The Department of Dermatology at UWCM has a long established research laboratory that has over the years provided various specialist services to both the University research community and the NHS. These laboratories have been recently refurbished to provide a modern cell and molecular biology research environment together with the more established histopathology, immunohistochemistry, immunofluorescence (including CLSM), cell culture and electron microscopy (together with the EM Unit). We conduct a wide range of cell and molecular techniques and can offer a modern molecular genetic screening service.
Basic Laboratory Research
Basic research is divided into two main subject areas: understanding the cellular and molecular pathology of cutaneous diseases including genodermatoses and understanding gene regulation during the hair growth cycle. Both of these areas use overlapping techniques to examine gene expression, gene regulation and signal transduction pathways. We are also developing new are more rapid techniques for screening patients with genetic diseases of the skin.
Recent projects have included:
In October 2004, Dr Rebecca M. Porter was appointed as Lecturer in Cell and Molecular Biology. Her work centres on the study of the hair follicle. Click here for more information.
Integrated Research Groups (IRGs)
We are involved with two IRGs (Genomic Approaches to Health and Disease; Repair, Regeneration and Replacement) and actively seeking collaborative projects in these research areas.
Collaborative Research (UWCM)
We offer laboratory based projects that lead to various postgraduate degrees including MSc, MD and PhD. There is a teaching element in all three degrees but they are based to a large extent on laboratory research in the subject areas listed above.
Testing and Screening Services
We screen for gene mutations in a variety of skin disorders as well as conducting specialist histopathology, immunocytochemistry and electron microscopy diagnostics.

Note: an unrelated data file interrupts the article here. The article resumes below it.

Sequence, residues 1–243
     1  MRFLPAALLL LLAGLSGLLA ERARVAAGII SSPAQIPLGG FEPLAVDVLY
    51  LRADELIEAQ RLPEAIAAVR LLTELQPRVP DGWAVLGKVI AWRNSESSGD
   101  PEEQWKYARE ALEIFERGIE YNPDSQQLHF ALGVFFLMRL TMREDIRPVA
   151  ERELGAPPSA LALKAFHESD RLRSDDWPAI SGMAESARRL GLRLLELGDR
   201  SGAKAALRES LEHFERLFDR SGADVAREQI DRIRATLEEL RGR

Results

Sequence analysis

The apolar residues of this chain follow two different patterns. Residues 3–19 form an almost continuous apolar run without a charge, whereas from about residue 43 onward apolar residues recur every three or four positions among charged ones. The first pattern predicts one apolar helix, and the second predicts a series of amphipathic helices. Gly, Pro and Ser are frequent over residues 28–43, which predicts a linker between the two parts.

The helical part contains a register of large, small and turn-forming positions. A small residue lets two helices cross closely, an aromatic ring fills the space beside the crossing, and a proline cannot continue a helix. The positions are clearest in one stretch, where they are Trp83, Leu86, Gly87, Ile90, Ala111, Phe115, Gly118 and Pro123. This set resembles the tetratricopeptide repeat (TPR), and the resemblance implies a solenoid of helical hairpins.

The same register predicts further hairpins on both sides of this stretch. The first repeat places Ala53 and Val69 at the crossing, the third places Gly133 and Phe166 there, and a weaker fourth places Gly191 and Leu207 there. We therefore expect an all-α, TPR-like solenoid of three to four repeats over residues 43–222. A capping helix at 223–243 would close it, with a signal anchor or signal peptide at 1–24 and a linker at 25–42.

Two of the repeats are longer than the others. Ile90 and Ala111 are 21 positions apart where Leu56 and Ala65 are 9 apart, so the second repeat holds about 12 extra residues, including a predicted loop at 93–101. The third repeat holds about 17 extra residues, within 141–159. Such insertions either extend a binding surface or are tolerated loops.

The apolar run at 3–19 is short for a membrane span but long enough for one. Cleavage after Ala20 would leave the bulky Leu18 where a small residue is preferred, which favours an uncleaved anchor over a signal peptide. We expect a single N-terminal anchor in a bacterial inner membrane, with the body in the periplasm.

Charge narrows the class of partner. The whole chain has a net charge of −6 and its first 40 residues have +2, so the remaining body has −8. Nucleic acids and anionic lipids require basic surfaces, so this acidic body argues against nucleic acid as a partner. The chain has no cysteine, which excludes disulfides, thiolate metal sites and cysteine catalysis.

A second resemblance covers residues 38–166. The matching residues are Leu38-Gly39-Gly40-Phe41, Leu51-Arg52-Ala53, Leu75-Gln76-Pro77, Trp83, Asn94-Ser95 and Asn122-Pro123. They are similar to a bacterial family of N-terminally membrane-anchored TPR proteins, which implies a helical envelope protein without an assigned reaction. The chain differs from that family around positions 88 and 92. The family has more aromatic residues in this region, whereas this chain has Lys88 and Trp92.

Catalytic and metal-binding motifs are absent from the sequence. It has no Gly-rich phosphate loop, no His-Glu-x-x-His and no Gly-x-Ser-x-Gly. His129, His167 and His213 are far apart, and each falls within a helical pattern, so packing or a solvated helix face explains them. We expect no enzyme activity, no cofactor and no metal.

Keratin Gene Mutations in various Genodermatoses:
Epidermolysis Bullosa Simplex (EBS)
Cryostat sections of skin are prepared for diagnostic immunofluorescence. This valuable technique is used to diagnose a variety of cutaneous diseases:
We are able to offer a comprehensive service for the preparation and diagnosis of skin specimens at a competitive rate:
Skin tissue is processed and prepared for both transmission and scanning electron microscopy. This service is available as a research tool and diagnostic aid.
Photobiology and Photodermatology:
The photodermatology unit within the Department of Dermatology at the University of Wales College of Medicine and University Hospital of Wales has over fifteen years experience in this specialised field.
We are able to offer a complete diagnostic service for patients presenting with potential light aggravated disorders in our dedicated clinic. The range of photodermatoses and conditions investigated includes:
Monochromator Light Testing:
An important and invaluable component of the service we offer is our ability to carry out monochromator light testing using a xenon arc system, enabling us to distinguish the exact wavelength of UV or visible light responsible for the cutaneous photo-induced reactions.
Conventional patch testing and photo-patch testing is also a routine service available within the Dermatology Department at the University of Wales College of Medicine and University Hospital of Wales.
Photodynamic Therapy (PDT):
Topical PDT is a novel, safe and effective treatment for the eradication of non-melanoma skin cancers and pre-cancerous lesions such as Basal Cell Carcinoma, Bowen's Disease and Solar Keratoses. We are able to offer effective treatment to such patients based on topical 5-Aminolaevulinic acid (ALA) as the photosensitizer followed by irradiation with red light centred at 630nm.
This treatment targets the diseased cells and avoids conventional treatments including surgery where multiple, large or cosmetically sensitive lesions are present.
For further information contact:-
Dr Paul E Bowden
Professor Andrew Y Finlay